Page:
After a wide track for a couple of kilometres, the path leads to an impressively long stretch of board walk. The board walk extends across the countryside and rises in a series of long decks and flights of steps.
I can’t decide what I think about this. On the one hand it saves the fragile environment from being trampled over and it allows people to climb a mountain when they might not normally feel experienced or able to.
However, the board walk contrasts sharply with the natural environment and looks a bit ugly in my opinion. It might also encourage people who are not able to cope with a wild and rugged outdoors to progress to the rocky top. There is at least another 1km to navigate through bogs and rocks to reach the summit trig.
Still, it gets more people into the outdoors and it saves the environment form being damaged. It’s a very fine piece of carpentry, too.
And we did enjoy the novelty of walking most of the way up a mountain on an even boardwalk!
14 A lough is a loch, or a lake. The main lough system in County Fermangh, including Upper and Lower Lough MacNean, was created when a huge Ice Age glacier retreated and left behind many moraines that formed myriad islands, now mostly clad in trees.
15 Only half way through the weekend did we realise the Atlantic sea and coast were just 20 minutes from our accommodation, Finn Lough Resort, in Northern Ireland. The tourist maps do not always tie up the attractions of Northern Ireland and the Republic of Ireland.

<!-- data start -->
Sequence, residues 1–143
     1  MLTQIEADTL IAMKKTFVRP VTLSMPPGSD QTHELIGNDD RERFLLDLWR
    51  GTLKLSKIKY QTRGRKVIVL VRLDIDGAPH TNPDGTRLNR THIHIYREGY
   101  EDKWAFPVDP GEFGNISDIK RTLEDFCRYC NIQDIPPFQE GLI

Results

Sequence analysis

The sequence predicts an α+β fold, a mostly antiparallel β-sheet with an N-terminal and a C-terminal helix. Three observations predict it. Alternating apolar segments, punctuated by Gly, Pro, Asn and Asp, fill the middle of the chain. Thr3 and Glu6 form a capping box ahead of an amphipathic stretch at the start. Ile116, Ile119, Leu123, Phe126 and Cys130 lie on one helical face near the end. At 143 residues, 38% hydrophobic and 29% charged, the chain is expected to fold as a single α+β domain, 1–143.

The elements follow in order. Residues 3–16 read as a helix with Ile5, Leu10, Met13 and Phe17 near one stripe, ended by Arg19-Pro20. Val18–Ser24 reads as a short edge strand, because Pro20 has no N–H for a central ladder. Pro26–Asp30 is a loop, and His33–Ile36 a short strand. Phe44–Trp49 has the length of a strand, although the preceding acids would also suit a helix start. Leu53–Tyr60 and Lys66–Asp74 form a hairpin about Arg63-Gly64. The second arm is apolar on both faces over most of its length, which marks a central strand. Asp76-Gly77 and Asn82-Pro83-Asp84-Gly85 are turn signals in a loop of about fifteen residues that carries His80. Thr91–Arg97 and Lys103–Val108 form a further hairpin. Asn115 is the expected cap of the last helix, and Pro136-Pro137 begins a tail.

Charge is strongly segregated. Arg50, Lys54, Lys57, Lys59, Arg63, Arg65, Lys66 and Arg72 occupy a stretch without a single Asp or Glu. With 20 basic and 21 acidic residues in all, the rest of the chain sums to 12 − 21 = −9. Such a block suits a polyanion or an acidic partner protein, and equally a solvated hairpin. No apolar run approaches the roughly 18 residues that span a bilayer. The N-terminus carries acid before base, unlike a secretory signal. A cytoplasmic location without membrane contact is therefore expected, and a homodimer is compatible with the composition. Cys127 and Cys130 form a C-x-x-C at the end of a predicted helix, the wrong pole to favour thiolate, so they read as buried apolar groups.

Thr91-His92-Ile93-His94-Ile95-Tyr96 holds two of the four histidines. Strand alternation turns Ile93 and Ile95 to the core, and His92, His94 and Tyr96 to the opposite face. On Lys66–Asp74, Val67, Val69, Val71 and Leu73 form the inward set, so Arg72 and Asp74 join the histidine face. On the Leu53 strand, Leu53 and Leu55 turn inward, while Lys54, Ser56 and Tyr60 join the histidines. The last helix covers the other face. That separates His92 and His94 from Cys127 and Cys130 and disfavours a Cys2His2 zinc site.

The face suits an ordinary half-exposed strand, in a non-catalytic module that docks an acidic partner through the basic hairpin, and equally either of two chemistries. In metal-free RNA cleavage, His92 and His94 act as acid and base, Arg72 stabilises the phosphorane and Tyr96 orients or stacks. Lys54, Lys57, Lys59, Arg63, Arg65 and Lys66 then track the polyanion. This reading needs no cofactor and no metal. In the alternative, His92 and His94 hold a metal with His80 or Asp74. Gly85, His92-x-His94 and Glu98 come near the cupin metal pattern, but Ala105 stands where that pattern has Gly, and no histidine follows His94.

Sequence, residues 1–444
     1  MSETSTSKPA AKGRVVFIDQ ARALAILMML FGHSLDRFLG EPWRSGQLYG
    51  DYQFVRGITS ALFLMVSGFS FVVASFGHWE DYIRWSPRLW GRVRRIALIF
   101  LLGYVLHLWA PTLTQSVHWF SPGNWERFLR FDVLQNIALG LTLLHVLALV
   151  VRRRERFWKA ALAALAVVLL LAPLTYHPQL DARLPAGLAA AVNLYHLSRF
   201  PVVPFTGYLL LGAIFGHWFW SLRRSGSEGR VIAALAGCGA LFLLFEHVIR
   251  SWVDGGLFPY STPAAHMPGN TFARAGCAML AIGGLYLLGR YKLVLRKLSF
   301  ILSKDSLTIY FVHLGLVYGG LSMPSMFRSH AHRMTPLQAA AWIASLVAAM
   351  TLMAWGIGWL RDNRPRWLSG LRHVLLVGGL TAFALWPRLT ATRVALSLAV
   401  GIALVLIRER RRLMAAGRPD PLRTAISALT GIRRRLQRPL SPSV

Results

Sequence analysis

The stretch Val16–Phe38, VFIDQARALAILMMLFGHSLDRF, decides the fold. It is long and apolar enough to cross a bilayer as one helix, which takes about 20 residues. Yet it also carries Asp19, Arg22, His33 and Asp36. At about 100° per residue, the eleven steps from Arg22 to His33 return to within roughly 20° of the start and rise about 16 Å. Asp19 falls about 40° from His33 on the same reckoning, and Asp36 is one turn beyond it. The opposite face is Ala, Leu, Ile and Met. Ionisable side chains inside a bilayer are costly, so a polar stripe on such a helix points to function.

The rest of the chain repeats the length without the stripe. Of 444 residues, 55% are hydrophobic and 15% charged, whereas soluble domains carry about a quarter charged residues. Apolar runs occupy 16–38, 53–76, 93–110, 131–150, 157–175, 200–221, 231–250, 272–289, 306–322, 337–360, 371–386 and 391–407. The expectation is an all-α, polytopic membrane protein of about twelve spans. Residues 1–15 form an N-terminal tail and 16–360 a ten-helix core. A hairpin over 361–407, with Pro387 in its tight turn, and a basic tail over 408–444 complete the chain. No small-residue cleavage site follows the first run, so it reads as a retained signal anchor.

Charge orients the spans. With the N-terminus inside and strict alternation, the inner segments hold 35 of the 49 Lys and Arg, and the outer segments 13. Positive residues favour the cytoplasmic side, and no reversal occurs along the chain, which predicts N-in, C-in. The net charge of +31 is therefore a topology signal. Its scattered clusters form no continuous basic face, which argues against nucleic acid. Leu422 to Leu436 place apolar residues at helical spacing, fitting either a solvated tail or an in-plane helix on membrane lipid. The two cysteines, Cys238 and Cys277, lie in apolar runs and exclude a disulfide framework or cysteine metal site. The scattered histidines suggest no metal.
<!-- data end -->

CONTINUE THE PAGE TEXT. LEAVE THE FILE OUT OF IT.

When we took the time to look at a map on-line rather than the tourist maps we saw how close the coast was to our west
16 The Full Irish is delicious alternative to the full Scottish. We enjoyed two great breakfasts at Finn Lough Resort, near Enniskillen. They set us up for a day of outdoors activity.
17 An evening meal at Finn Lough restaurant is not cheap but it is delicious and beautifully presented.
18 A pint of Guinness does indeed taste better in Northern Ireland.
19 In car sat nav does not appear to be too good in Northern Ireland, or maybe this was just our experience in County Fermanagh. We had a frustrating day trying to reach the caving when the sat nav took us on small roads instead of major roads. While this is fine if you want to take in the views, it wasn’t so good when trying to get to the caving centre on time.
20 If you have a spare couple of hours en route to Belfast or Larne you could easily head to Blessingbourne Estate and enjoy a walk or mountain biking on a gem of a network of blue and red trails.
The trails have been created in a series of loops and are fun for a couple of hours of riding. You do not need to be particularly skilled for most of the riding and there are plenty of chicken runs where the routes become trickier.
The routes are located amid very pretty countryside and woodlands and someone has spent a lot of time coming up with great names for the loops.
It is also surprising what can be created with very little hills!
My top tip, however, is to take your own mountain bike rather than hire. The Scott bikes for hire would be fine if they were properly maintained. The tyres were also inflated far too hard for the conditions.
21 We loved the town names of Belcoo and Belleek. Bel or bell means “small”, while bally means “place of” in Irish Gaelic.
22 We were surprised to hear many people speaking Irish Gaelic.
23 Belleek is a pretty town. The unpromising exterior of the Black Cat Cove pub led to a large and welcoming interior where we enjoyed meals of fish and chips.
I travelled with P&O Ferries: From Scotland to Northern Ireland on the Cairnryan to Larneferry. The G-Force and I enjoyed the courtesy hospitality of the Club Lounge. We took our car and then drove from Larne to our accommodation Finn Lough Resort. We stayed for two nights in a beautiful apartment and enjoyed a Full Irish breakfast each morning in the dining room/restaurant.
This blog is in collaboration with P&O Ferries.